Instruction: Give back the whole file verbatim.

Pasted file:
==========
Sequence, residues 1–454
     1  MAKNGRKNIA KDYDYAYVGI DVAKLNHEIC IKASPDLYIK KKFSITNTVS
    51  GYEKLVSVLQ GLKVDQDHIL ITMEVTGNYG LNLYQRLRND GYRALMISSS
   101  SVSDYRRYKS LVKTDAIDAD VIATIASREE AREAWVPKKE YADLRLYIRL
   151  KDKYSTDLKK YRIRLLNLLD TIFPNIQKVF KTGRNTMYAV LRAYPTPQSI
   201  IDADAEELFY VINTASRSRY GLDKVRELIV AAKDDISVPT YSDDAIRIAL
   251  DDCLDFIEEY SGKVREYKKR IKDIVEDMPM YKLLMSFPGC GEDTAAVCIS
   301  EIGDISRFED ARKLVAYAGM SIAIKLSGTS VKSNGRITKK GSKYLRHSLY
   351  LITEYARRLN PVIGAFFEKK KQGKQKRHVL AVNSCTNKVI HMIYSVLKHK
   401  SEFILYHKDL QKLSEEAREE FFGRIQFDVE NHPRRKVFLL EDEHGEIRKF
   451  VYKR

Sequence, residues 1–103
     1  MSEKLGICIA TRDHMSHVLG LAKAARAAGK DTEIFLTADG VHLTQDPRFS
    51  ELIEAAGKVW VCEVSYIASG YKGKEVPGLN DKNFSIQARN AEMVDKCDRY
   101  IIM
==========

Sequence, residues 1–454
     1  MAKNGRKNIA KDYDYAYVGI DVAKLNHEIC IKASPDLYIK KKFSITNTVS
    51  GYEKLVSVLQ GLKVDQDHIL ITMEVTGNYG LNLYQRLRND GYRALMISSS
   101  SVSDYRRYKS LVKTDAIDAD VIATIASREE AREAWVPKKE YADLRLYIRL
   151  KDKYSTDLKK YRIRLLNLLD TIFPNIQKVF KTGRNTMYAV LRAYPTPQSI
   201  IDADAEELFY VINTASRSRY GLDKVRELIV AAKDDISVPT YSDDAIRIAL
   251  DDCLDFIEEY SGKVREYKKR IKDIVEDMPM YKLLMSFPGC GEDTAAVCIS
   301  EIGDISRFED ARKLVAYAGM SIAIKLSGTS VKSNGRITKK GSKYLRHSLY
   351  LITEYARRLN PVIGAFFEKK KQGKQKRHVL AVNSCTNKVI HMIYSVLKHK
   401  SEFILYHKDL QKLSEEAREE FFGRIQFDVE NHPRRKVFLL EDEHGEIRKF
   451  VYKR

Sequence, residues 1–103
     1  MSEKLGICIA TRDHMSHVLG LAKAARAAGK DTEIFLTADG VHLTQDPRFS
    51  ELIEAAGKVW VCEVSYIASG YKGKEVPGLN DKNFSIQARN AEMVDKCDRY
   101  IIM